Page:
The other main lesson to be learned from the weekend is to forget the Sprint, the contest most incompatible with British racing. This is the event where our brave boys always miss the kick, get sand sprayed in their faces as if they are following the gritter down an icy motorway, and then get sent around a bend tighter than they have faced in their lives.
Royal Applause is not a bad horse, but he certainly looked like one on Saturday. He ran like an immature juvenile making his debut on the race- track, which, in a sense, he was.
The middle distances are more our bag and Spinning World, who has looked increasingly potent in Europe this year, was quite beautiful. His jockey, Cash Asmussen, rather enjoyed interrupting a Cup sequence of 0 for 22. Cash may not be the most rumbustious jockey in the saddle (he could sit on a box of eggs without breaking the contents), but then neither is he a man whose body convulses with nerves on the grandest of stages. Spinning World was clearly the best horse in the Mile, but Asmussen's presentation of his superiority was faultless.
The Breeders' Cup executive like to think of their event as some sort of equine Armageddon, the definitive battle to establish the best horses in the world. This, of course, is nonsense.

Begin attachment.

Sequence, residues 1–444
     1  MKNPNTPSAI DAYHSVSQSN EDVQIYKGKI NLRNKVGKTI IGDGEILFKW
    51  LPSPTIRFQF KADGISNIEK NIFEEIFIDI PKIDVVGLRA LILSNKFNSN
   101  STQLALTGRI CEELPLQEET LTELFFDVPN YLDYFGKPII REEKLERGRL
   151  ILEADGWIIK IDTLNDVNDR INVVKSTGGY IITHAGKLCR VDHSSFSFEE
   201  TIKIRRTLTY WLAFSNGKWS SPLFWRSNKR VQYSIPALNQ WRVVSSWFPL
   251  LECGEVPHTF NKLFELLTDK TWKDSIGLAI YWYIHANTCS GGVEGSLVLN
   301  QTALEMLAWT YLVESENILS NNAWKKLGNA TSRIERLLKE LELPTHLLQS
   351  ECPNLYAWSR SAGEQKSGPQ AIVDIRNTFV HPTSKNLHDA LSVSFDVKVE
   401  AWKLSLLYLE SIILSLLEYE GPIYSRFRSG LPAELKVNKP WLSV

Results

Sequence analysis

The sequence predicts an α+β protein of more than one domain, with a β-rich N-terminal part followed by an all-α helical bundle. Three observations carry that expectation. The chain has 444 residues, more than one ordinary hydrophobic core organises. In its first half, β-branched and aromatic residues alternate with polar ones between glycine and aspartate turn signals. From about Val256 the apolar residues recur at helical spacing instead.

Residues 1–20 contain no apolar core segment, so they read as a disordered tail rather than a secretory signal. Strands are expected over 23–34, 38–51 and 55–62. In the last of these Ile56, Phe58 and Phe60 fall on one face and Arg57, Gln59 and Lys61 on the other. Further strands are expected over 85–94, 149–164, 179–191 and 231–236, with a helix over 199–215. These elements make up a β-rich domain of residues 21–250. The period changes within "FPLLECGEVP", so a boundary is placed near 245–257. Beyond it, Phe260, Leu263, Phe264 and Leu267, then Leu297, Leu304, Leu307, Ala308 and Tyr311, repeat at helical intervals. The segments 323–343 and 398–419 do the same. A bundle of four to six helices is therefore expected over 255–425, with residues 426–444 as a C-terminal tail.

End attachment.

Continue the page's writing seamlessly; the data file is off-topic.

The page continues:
There were better runners either in the infirmary or on vacation for the middle-distance events. There was no Peintre Celebre or Pilsudski from Europe, no Silver Charm, Free House, Gentlemen, Siphon, Sandpit or Formal Gold from the domestic divisions. Yet we were left in no doubt that we had been allowed to watch a unique occasion in the calendar at Inglewood.
You can learn a lot about America at the Breeders' Cup. There is the jarring moment (to most Europeans) when the whole arena stands and stays silent for the national anthem before racing. And then there is the slickness of the whole operation. Visitors are pampered and spoiled (the apex this week was an immense party on the film sets of Paramount Studios) and even if they leave empty-handed, there is little to cuss about.
The trainers and jockeys climb in on the great social act by actually talking to people. The public is king. When they talk about replicating this polished function in Europe you have to produce a handkerchief to camouflage your features.
While the racing may not be the Superbowl that its architects would like it to be, the aura they create makes for a substantial event. Certainly our jockeys relish nothing more than creeping into this den. "I've ridden in a lot of big races, and at Royal Ascot, but nothing compares with this," Kieren Fallon said after finishing second on Borgia.
"I can't remember the last time I was nervous before a race but today I was tight inside. For one moment, when I got the split on the rail, I thought I was going to win and that would have been the greatest moment of my life. You couldn't beat coming here and beating the top jockeys in the world in their own back yard." We must try it more often but we probably won't from now on.Reuse content